By Armond Cohen
Executive Director, Clean Air Task Force for Cornerstone
Most of my thirty-year professional career as an environmental organization lawyer and then environmental group CEO has been focused on reducing the environmental impact of the global energy system. Yet much of the last ten years of my career has been focused on demonstrating and deploying coal power generation technologies utilizing carbon capture and storage (CCS). What’s wrong with this picture?
Nothing. It’s actually quite simple. Coal will be central to economic modernization in the developing world, where most energy supply will be built in the next three decades. Coal will also have a significant residual role in much of the OECD. Coal is not going away. We need to begin to use it without emitting significant carbon dioxide, and quickly. If we don’t, the risk to global climate is immense, and likely irreversible. It’s that straightforward. People who wish otherwise, and simply hope for the demise of coal, are not facing the facts.
The first fact is that coal is projected to be the fastest growing electric power source on the planet from 2010–2015, measured by actual additional energy production per year. Yes, a lot of gas-fired capacity is going to be built or utilized in the United States to displace some retiring coal plants, and in Germany and Japan to replace shut-down nuclear plants. Even Germany, however, is building a medium-sized fleet of new coal plants (in addition to gas plants) to help plug the nuclear gap. And, in the United States, announced coal retirement due to new environmental regulations amount to only about 5% of annual U.S. coal generation; the remaining coal fleet will dispatch more as gas prices return from their current unsustainable low levels.
Yet, in the end, the OECD is largely a sideshow. The real action is in Asia. Electric power demand in the developing world will grow by threefold in the next few decades, while OECD demand will grow only modestly, if at all. China already has built a fleet of some 600 GW of new coal-fired power plants in the last seven years, twice the amount of coal capacity that it took the United States seventy years to build. China’s 12th Five Year Plan calls for doubling that capacity to 1200 GW by 2035. With their capital costs sunk, none of these plants will be bulldozed anytime soon. Substantial coal expansion is planned in Indonesia and elsewhere in the region. Meanwhile, India’s coal development, although presently stymied by bureaucratic and political gridlock, could also explode if political conditions change in response to this past summer’s grid failure and the ongoing lack of reliable power.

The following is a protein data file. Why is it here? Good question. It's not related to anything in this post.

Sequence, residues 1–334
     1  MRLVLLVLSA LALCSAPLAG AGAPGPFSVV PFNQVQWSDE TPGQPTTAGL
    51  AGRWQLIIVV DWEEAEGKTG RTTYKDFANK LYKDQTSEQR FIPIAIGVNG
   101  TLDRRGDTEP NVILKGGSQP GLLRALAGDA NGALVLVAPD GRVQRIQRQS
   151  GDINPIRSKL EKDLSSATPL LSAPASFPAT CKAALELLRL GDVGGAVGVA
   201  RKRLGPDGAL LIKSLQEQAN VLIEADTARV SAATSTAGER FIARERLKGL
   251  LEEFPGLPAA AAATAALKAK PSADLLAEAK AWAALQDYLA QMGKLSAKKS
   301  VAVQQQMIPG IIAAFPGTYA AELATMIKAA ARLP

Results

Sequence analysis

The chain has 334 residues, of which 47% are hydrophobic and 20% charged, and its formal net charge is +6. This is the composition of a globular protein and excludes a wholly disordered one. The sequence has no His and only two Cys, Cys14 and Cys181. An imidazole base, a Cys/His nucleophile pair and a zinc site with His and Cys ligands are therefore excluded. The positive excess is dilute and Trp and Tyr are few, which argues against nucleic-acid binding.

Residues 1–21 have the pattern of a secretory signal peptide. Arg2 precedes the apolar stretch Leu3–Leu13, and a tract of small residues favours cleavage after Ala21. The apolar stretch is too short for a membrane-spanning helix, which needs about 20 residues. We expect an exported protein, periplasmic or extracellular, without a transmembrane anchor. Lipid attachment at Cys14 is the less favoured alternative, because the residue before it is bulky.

Let me be clear: But for the environmental challenges, this expansion of coal-fired power boom is a good thing; reliable energy is a correlate of economic growth and human development. But let me be equally clear: The carbon associated with this expansion is unacceptable and puts us on a collision course with our global climate. We’ll get back to the environmental challenges in a minute.
The second fact is that the major global competitors to coal – gas, wind, solar, nuclear, and energy efficiency – are likely to gain ground but not seriously challenge coal’s market share for some time. Although North American gas is presently enjoying a “golden age” of production due to the explosion of fracking for unconventional gas, this will likely be a predominantly North American phenomenon for some time. Shale gas exploration is just beginning in Europe and China, and will probably take decades to reach maturity, even if the shale deposits prove to be as recoverable as they are in North America. For example, China hopes to be producing just a little over 2 trillion cubic feet of shale gas by 2020, or about 40% of current U.S. shale production, for a population five times larger. And this gas will almost certainly be more expensive than in the United States; the International Energy Agency projects that, even with abundant shale gas, it will still be less expensive to build a new coal plant in China than a gas plant.
Ditto renewables, energy efficiency, and nuclear energy. Despite the enormous recent growth in wind and solar, they are growing from a very small base and represent less than 3% of the planet’s power supply. Serious challenges to expansion loom in terms of cost, variability, intermittency, and land use. Even the International Energy Agency’s most aggressive climate-driven power scenario for 2035 sees less wind and solar power production than coal. And China, which presently leads the world in annual solar and wind capacity additions, projects that two thirds of its power will still come from coal in 2035.
Improved energy efficiency is a good thing, but is unlikely to do more than moderate an otherwise expected twofold energy demand growth in the world by 2035. Indeed, a decades-long trend toward lower energy intensity has reversed and global energy intensity has increased. California, which is perhaps the world’s leader in energy efficiency policy, chopped off about 15% of its business-as-usual electric demand after two decades of work, but still sustained 40% net growth. Faster industrializing countries will experience much higher net growth even with aggressive efficiency policies.